Your project must make an original contribution to understanding in its field.
To make clear that your project is manageable within the relevant period, you also need to show that you understand the scale of the issues and problems you are addressing.
How does your proposal differ from these lines of argument?
How does your project extend our understanding of particular questions or topics? In other words, does your project involve archival sources, particular databases or specialist libraries? What theoretical resources do you intend to use and why?
If there is a good fit between your proposed research and our research strengths, we will give you advice on a draft of your research proposal before you make a formal application.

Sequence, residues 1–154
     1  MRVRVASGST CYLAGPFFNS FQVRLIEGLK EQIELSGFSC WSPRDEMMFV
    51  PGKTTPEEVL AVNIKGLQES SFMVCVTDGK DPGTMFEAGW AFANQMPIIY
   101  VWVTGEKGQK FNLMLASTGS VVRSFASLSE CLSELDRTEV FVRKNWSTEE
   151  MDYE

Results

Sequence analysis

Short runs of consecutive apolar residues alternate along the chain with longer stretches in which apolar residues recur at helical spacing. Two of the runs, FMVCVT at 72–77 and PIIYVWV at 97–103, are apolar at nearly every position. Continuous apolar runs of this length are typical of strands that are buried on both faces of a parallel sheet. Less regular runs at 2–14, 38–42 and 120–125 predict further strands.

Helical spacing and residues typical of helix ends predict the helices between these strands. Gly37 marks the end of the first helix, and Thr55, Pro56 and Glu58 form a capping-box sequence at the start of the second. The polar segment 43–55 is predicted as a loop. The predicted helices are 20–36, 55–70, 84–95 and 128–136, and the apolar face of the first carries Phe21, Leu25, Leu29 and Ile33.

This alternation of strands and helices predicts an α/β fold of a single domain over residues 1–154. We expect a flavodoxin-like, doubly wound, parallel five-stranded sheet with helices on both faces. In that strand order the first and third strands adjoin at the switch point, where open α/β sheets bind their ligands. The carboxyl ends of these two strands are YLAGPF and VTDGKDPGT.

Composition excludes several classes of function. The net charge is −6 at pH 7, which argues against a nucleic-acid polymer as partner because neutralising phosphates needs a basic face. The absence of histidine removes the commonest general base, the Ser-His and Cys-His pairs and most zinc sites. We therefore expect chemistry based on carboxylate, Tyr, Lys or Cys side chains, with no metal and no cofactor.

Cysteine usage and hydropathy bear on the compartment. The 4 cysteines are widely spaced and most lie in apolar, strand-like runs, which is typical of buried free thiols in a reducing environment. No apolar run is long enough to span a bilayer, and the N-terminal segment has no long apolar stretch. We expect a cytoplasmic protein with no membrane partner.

For details of our staff and there areas of expertise please visit our staff pages.Identify the field of study in broad terms and indicate how you expect your research to intervene in the field.This section is for you to situate your project in the context of the existing scholarship on your topic of study.It outlines the general area of study within which your research falls, referring to the current state of knowledge and any recent debates on the topic.It also demonstrates the originality of your proposed research.This section should set out how you will achieve what you set out to do in Research background and questions. What forms of textual, historical or visual analysis are relevant to your topic or field?How will you set about answering your research questions?The proposal also helps us to match your research interest with an appropriate supervisor.Regardless of whether you are applying for the MJur, MPhil or Ph D programmes, your research proposal should normally include the following information: 1.Before writing your proposal, you should take time to reflect on the key questions that you are seeking to answer.Many research proposals are too broad, so reflecting on your key research questions is a good way to make sure that your project is sufficiently narrow and feasible (i.e.